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Graphic: An Encyclopaedia of New Zealand 1966.


This information was published in 1966 in An Encyclopaedia of New Zealand, edited by A. H. McLintock. It has not been corrected and will not be updated.

Up-to-date information can be found elsewhere in Te Ara.



Development of the Service

The New Zealand police service is moulded to the British pattern, except for its national organisation with central headquarters control. In Britain the service is divided into autonomous Constabularies.

A military officer, first, Major Gudgeon (1887–90) and then Lieutenant Colonel A. Hume (1890–97), remained in charge of the Police Force until the first Police Commissioner, J. B. Tunbridge (1898–1903), was appointed. He was an experienced officer from England and had also served for several years in the Armed Constabulary. The system of appointing the Commissioner from the ranks continued from this time, and the principle that “every constable potentially carries the Commissioner's baton” is highly valued.

In 1958 a new Police Act was passed in which the word “Force” was discarded, and now the proper title is “The New Zealand Police”. Today the New Zealand Police is a Government Department, though it is recruited, organised, and governed somewhat differently from others. It is established by an Act of Parliament and is under the control of a Cabinet minister who is responsible for policy and overall administration. But direct control is the responsibility of a Commissioner.

For organisational purposes New Zealand is divided into 15 districts, each being under the control of a commissioned officer who has the responsibility for law and order in his area. Each district has a central station, from which are controlled subsidiary and suburban stations. Altogether there are 352 police stations.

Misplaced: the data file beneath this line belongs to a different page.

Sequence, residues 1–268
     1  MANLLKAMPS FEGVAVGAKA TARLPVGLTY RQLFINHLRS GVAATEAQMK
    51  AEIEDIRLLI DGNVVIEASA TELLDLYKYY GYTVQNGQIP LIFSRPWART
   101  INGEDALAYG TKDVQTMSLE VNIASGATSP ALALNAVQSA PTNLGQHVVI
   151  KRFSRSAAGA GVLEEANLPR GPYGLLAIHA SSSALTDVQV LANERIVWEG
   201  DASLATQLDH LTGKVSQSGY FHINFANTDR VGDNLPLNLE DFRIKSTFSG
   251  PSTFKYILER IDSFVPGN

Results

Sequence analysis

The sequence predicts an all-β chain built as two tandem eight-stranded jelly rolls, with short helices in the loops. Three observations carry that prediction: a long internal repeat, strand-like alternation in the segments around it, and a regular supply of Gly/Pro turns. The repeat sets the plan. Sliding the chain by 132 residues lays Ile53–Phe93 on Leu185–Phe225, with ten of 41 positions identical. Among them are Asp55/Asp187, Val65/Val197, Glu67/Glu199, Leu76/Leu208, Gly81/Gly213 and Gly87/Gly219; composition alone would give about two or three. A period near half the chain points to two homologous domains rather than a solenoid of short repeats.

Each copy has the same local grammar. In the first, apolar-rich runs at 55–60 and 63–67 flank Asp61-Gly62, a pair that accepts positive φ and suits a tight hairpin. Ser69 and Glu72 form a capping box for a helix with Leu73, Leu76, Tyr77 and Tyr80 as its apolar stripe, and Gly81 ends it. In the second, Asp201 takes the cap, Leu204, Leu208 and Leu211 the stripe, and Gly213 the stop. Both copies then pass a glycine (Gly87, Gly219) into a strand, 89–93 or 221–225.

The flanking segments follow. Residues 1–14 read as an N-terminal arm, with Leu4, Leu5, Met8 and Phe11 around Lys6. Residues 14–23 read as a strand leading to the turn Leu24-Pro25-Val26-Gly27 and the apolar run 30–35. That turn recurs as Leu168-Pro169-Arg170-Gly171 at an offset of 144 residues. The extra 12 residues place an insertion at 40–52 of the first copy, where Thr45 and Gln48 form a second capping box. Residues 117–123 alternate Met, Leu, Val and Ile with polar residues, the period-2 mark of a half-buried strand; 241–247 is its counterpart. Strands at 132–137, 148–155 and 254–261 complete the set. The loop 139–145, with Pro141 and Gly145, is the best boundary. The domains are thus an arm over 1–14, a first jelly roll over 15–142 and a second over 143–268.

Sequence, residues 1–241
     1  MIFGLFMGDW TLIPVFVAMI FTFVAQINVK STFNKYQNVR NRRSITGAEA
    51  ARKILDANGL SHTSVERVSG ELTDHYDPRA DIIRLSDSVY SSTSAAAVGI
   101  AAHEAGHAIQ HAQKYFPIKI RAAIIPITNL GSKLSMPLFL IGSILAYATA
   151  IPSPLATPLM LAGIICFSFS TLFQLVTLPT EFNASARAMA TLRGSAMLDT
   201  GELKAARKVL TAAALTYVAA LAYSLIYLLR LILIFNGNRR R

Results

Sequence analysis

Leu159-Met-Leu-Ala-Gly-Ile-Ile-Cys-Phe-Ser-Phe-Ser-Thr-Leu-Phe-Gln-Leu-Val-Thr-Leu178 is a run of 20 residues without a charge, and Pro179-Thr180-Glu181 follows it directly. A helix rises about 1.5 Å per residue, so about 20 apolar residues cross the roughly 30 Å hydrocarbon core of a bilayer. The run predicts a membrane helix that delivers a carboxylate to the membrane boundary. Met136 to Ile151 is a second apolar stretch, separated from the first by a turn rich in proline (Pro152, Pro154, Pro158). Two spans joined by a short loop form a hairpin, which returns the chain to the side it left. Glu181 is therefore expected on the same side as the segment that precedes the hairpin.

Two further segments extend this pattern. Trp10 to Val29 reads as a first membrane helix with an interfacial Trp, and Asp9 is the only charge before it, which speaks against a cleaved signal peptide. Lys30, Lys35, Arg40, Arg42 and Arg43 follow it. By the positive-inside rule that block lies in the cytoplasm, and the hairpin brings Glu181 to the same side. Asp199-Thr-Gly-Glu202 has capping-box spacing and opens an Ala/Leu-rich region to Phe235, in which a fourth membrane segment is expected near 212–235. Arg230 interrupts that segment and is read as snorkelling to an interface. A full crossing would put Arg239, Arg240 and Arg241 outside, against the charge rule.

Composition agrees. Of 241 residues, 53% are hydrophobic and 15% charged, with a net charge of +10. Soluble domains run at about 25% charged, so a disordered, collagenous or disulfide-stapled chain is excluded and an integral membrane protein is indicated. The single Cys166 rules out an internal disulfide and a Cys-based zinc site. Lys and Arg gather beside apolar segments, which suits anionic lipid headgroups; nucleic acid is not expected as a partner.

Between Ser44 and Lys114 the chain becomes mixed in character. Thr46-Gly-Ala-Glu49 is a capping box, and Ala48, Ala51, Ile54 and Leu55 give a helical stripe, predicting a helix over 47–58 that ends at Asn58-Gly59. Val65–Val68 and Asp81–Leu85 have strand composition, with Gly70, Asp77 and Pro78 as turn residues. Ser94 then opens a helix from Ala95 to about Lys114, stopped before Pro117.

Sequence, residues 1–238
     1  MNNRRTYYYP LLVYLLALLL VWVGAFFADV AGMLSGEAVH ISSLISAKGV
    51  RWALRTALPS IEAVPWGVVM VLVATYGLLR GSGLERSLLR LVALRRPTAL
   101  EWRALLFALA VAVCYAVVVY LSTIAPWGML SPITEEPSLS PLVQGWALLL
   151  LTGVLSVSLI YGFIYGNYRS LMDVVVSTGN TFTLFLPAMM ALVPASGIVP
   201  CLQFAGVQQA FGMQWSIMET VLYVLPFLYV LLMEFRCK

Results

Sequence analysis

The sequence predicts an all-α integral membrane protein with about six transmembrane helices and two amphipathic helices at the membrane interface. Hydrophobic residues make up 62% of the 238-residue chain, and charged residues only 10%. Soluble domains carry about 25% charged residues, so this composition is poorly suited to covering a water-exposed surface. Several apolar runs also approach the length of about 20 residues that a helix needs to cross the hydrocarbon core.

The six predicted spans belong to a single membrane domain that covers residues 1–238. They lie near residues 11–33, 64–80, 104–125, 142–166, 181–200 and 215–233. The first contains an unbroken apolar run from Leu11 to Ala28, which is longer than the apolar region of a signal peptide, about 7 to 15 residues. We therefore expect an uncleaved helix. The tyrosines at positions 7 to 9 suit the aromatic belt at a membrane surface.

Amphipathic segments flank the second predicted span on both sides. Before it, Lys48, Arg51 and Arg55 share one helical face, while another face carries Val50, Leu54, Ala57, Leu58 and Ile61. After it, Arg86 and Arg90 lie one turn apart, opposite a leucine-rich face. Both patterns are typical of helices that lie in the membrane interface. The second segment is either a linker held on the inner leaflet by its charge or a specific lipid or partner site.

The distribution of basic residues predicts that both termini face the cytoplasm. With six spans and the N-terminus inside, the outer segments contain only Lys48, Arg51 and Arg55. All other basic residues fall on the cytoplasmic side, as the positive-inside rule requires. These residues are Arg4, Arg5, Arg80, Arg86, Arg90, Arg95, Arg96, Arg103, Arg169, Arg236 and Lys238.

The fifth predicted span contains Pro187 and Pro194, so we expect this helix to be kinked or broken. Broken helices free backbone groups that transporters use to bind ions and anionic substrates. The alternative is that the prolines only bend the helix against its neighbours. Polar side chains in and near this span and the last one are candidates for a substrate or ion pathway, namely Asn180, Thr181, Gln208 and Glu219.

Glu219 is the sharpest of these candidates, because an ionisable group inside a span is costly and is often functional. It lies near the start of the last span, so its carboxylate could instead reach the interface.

The first Police Training School was opened at Mount Cook, Wellington, in 1898. Training continued to be given in the Wellington area until 1953, when a training school was opened in Lyttelton. In 1955, when a rapid expansion of the Police was decided upon, a new centre was established at Trentham, near Wellington. This school not only trains recruits and cadets but also provides short courses for sergeants, senior sergeants, detectives, and commissioned officers. The barracks, with sleeping accommodation for 180, are normally full. Facilities include recreation rooms, canteen, library, gymnasium, and assembly hall. Nearby are playing fields, rifle ranges, and swimming baths.

To join the New Zealand Police an applicant must meet certain standards. He must be at least 19 years of age (17 in the case of a cadet) and not more than 35 and be at least 5 ft 8½ in. tall, well built, in first-class health, and of good eyesight and hearing. He must produce references to character and show he has not been convicted of any criminal offence. He must pass an educational test. The recruit then undergoes a 13-week training course at Trentham; for cadets it is 19 months. Training is not complete at the end of this period. For the next 21 months the recruit, posted to a station, takes an in-service training course in law. When this is completed he sits an examination for permanent employment.